Polishing the Mirror
In Love’s Alchemy, Poems from the Sufi Tradition, a mystic writes:
The first step in love
is losing your head.
After the petty ego,
you then give up your life
and bear the calamity.
With this behind you, proceed:
Polish the ego’s rust
from the mirror
of your self.
The first step… is losing your head. In meditation we do our best to enter a space of silence where the continuous noise in our head ceases and all the petty concerns of the self are kept at bay. During the day we strive to keep constant vigilance over our minds while doing simran. Meditation, vigilance and simran lead to the silencing of the domineering automatic machine of the mind that sustains our ego.
The saints describe the ego as an illness, a serious affliction that has created the long-enforced notion that there is an “I”, a self that exists apart from the Lord. The idea of “me” and “mine” is based on a false concept. In truth, the Lord sustains our every breath and everything belongs to him, including our souls.
In Quest for Light Maharaj Charan Singh writes:
The very ego that we want to crush is the only barrier between us and the Lord. The moment you lose your identity and merge yourself into him, he appears before you. Ego is our only enemy, which attaches us to this world, and the whole struggle is to eliminate it from within ourselves.
After the petty ego, you then give up your life… Once we have conquered the mind that has its home in Trikuti, we are able to know the will of the Lord. At that stage we willingly give our lives to him, knowing him to be in charge and accepting everything in life with equanimity.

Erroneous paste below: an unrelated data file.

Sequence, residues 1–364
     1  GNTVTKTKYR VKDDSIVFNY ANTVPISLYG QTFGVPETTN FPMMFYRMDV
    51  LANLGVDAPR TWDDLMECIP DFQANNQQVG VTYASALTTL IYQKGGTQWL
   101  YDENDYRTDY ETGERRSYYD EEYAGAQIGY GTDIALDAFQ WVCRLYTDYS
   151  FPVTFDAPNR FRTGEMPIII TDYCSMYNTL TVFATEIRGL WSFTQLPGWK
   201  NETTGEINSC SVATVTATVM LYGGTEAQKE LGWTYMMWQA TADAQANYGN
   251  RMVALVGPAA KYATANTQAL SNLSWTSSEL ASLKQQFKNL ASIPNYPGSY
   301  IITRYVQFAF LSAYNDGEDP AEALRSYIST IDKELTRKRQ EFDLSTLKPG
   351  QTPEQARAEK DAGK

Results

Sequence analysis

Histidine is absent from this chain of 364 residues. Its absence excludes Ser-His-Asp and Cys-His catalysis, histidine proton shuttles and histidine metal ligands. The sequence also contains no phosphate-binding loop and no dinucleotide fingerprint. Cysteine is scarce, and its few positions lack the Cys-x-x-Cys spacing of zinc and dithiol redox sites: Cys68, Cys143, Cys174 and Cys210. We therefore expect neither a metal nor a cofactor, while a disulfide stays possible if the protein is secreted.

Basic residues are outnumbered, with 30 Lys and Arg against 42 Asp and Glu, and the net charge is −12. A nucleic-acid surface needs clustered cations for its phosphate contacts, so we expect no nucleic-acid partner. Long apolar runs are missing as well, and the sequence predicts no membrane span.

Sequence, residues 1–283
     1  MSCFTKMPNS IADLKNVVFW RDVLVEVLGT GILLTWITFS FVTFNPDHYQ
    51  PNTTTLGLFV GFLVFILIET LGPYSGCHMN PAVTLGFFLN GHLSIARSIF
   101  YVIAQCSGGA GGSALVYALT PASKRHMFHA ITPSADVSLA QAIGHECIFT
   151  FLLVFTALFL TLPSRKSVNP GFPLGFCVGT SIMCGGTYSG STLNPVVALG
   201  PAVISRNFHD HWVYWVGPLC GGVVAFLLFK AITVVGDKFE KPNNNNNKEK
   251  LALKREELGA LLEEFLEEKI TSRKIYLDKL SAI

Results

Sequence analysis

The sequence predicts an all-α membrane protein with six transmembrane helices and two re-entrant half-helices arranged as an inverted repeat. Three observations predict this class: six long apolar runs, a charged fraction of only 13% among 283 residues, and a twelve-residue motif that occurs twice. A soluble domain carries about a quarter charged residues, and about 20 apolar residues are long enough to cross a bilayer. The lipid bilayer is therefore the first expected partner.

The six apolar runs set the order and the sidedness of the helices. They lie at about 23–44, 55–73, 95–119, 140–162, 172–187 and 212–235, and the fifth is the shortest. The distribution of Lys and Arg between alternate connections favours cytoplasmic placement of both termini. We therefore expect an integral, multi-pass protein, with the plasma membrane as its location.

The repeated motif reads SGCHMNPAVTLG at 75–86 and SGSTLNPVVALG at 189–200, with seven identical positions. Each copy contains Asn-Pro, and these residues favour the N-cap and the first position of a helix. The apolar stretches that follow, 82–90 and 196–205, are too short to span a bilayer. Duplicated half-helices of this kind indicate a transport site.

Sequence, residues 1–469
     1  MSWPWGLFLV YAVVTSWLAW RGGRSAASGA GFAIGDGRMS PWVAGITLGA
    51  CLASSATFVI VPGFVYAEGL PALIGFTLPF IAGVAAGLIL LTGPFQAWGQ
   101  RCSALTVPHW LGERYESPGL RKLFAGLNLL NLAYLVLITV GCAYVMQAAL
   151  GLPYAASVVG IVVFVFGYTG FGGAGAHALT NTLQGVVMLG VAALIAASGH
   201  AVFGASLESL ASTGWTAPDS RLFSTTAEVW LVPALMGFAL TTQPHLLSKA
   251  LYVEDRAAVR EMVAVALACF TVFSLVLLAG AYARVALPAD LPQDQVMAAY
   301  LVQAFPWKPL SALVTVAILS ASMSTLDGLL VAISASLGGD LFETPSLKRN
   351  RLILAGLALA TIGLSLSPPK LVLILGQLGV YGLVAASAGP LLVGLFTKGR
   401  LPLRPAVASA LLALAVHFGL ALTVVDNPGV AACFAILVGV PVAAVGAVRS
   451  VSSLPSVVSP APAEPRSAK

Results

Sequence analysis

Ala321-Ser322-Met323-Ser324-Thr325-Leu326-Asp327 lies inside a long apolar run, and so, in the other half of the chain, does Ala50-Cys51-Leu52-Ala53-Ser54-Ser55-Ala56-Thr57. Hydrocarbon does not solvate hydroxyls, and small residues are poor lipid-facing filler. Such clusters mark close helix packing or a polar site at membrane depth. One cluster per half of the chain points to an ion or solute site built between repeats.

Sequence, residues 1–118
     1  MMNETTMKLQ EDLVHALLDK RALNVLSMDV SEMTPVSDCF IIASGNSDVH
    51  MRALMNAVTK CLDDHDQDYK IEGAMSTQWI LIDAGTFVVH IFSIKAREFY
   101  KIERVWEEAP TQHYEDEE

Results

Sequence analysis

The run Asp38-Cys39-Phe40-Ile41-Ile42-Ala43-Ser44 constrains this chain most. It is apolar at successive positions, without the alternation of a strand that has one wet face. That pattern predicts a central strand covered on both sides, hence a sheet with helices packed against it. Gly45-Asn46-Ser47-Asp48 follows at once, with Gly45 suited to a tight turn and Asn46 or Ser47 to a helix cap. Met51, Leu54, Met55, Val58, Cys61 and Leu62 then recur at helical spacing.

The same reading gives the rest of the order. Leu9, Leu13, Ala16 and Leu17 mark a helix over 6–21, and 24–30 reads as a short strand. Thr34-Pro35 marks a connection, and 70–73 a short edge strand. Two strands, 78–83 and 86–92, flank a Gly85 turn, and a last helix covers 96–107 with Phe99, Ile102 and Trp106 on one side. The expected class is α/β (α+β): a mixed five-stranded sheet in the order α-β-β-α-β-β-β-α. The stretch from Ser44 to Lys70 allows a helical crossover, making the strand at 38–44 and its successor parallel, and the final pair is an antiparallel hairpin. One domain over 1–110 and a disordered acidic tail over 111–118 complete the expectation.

… you then give up your life and bear the calamity. Giving up our life is surrendering to the One who knows what is best for us – better than we know ourselves. It is relinquishing the illusion of control over our life and accepting events as they unfold.
Baba Ji has told us we must learn to let go. He said the hardest thing for us is to let go. He asked: What is so difficult? Someone is willing to take over all our burdens, and we refuse to let him. It’s like the person on the train with a suitcase on his head. Everyone tells him to put it down and he says, “No, it’s mine!”
When we trust in God enough to let go of our imagined control over life, we begin to polish the ego’s rust from the mirror of our self. The saints tell us that human beings are made in the image of God. We are of the same essence. Our souls reflect the same attributes as their Maker. But a growth of dirt and corrosion has covered them. The ego, our notion of self-importance and our conviction that we are separate and independent of our Maker, has encased the pure and shining mirror of the soul. How is the mirror to reflect the love and compassion, the beauty and joy of its Creator when the mind is completely dominant, supporting the ego at all costs?
Polishing the mirror is taking control over the mind with its negative tendencies and its habit of seeking pleasure from the senses. It is ceasing to indulge the mind which is like a bottomless well. To gain control over one’s thoughts, simran is an invaluable tool.
In addition to controlling our thoughts through simran, we must be careful what we expose our mind to, through books, movies, discussions.
The American philosopher Henry David Thoreau writes in Life Without Principle:
We should treat our minds, that is ourselves, as innocent and ingenious children, whose guardians we are … and be careful what objects and what subjects we thrust on their attention. Read not the Times. Read the Eternities.
As guardians of our minds, we keep our attention in repetition, and in the awareness of the Master’s presence. In remembrance of his pure, radiant and loving presence, the ego retreats and we let go the notion of control. As the fabricated self is scoured from our mind, we expose mirror of our soul. The clear light of Shabd then fills our consciousness and is reflected back into the world.